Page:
Playing to the Cameras: When Reality TV Stops Being Real

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My love affair with reality television is slowly coming to an end. The quest for fame and orchestrated publicity stunts have taken over the once seemingly authentic genre. The novelty of this guilty pleasure is finally wearing off like the red paint on the sole of a pricey pair of stilettos. I guess all good things must come to an end – right?

One of the things that endear viewers to reality TV is the basic premise that what they’re watching is REAL. However, have you ever gotten a sneaking suspicion that you’re actually viewing a scripted series with actors, writers and someone yelling “Action!” or “Cut!”? I don’t know about you, but once I figure out reality stars are acting, once it becomes obvious they’re making up story lines to stay relevant on a show, once it’s clear they’re willing to do ANY and EVERYthing to stay in the spotlight – I’m out. It’s no fun watching someone sell their soul.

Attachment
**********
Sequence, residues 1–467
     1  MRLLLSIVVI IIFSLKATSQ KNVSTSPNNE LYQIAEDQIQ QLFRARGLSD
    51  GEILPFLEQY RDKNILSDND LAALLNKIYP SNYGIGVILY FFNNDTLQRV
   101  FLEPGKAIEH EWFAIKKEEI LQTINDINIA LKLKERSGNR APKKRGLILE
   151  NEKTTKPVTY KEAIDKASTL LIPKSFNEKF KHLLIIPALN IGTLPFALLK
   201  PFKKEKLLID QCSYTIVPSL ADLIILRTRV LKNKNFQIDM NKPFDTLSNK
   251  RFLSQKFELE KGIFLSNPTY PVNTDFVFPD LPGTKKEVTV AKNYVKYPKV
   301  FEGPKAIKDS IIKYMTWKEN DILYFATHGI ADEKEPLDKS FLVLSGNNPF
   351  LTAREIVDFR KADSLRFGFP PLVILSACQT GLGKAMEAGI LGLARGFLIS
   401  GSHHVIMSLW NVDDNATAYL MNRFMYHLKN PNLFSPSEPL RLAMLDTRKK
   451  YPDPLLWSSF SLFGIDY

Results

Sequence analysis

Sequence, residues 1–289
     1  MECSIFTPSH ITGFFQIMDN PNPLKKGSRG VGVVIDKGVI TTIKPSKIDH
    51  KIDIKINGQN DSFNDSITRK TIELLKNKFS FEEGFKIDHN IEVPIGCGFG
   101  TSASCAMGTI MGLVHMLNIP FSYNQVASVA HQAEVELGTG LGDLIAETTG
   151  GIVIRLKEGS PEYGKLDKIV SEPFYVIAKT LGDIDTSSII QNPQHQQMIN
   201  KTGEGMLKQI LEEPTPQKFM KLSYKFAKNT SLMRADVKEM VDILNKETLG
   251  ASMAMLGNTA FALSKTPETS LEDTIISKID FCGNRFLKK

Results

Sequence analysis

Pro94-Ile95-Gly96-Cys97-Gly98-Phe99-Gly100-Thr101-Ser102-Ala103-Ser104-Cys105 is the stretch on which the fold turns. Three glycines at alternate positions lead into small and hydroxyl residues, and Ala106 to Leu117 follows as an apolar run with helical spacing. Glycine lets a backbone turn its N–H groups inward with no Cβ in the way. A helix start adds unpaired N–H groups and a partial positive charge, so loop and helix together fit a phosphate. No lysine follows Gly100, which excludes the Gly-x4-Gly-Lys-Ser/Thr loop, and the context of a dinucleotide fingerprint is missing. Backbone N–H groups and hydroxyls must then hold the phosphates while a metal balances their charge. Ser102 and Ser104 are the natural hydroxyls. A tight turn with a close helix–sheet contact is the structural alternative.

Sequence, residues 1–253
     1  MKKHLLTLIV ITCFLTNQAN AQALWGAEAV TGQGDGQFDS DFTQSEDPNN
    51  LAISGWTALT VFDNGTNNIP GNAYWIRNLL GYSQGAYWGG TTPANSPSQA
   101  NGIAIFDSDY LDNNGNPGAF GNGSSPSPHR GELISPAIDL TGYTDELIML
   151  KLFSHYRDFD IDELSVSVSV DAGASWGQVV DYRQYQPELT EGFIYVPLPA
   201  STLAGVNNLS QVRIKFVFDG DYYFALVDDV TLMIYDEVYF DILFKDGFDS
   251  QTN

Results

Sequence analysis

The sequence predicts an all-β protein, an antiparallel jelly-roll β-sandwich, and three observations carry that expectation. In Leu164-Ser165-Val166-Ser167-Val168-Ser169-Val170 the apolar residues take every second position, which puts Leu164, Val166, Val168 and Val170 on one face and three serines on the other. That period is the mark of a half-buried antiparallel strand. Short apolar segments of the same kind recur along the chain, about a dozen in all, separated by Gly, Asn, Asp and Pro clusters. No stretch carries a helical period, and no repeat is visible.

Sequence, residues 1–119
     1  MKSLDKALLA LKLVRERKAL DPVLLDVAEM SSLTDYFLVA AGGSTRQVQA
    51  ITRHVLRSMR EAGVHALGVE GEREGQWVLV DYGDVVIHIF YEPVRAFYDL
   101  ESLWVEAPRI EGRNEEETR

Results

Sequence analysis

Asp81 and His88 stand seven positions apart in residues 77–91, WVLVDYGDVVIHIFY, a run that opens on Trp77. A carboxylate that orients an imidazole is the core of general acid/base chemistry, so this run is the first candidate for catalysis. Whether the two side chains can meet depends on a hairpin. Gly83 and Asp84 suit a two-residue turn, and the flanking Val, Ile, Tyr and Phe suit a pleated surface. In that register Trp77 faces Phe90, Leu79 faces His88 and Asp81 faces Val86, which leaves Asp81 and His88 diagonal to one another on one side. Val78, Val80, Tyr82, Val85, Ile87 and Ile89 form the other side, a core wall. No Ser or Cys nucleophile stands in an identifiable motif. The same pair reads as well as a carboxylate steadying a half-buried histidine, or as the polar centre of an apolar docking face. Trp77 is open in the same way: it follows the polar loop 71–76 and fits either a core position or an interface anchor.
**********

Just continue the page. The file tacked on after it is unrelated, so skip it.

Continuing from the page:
Here’s what’s interesting…The suspicion of scripts, plots and story lines doesn’t become obvious until seasons 2 or 3. The first season of any successful reality series seems to be the most genuine. Season 1 is typically fun, reasonably dramatic and filled with good humor; but, something interesting happens by the time season 2 rolls around. The stars are now famous – maybe even household names with coined one-liner phrases and high-paid club and event appearances. They feel the ratings pressure to up the ante and then Pandora’s box is pushed wide open. Now, enter the cheating scandals, “accidentally” leaked sex tapes, pregnancies planned for TV, and cat fight brawls for the cameras. Many times all this drama coincidentally coincides with the season premiere or season finale of the show…hmmm. We can’t possibly be THAT gullible as viewers – are we?

This, of course, isn’t the case for every reality show on TV. There are some that still try to maintain a sense of authenticity. Times like this make me miss the first season of MTV’s Real World back in the 90’s – sheesh!

What do you think of the current state of reality television?